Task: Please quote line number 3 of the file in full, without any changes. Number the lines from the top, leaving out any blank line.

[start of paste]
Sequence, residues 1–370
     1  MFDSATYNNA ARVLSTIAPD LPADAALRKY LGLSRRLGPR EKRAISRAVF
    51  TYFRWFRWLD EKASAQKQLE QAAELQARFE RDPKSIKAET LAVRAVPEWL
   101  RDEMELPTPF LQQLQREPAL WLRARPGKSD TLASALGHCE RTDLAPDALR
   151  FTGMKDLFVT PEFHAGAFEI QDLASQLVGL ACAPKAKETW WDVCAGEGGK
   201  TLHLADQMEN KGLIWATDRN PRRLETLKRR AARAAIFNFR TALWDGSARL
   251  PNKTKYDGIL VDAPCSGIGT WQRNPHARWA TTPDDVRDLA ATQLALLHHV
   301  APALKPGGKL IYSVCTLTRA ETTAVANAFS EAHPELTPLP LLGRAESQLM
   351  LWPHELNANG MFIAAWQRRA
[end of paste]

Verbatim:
    51  TYFRWFRWLD EKASAQKQLE QAAELQARFE RDPKSIKAET LAVRAVPEWL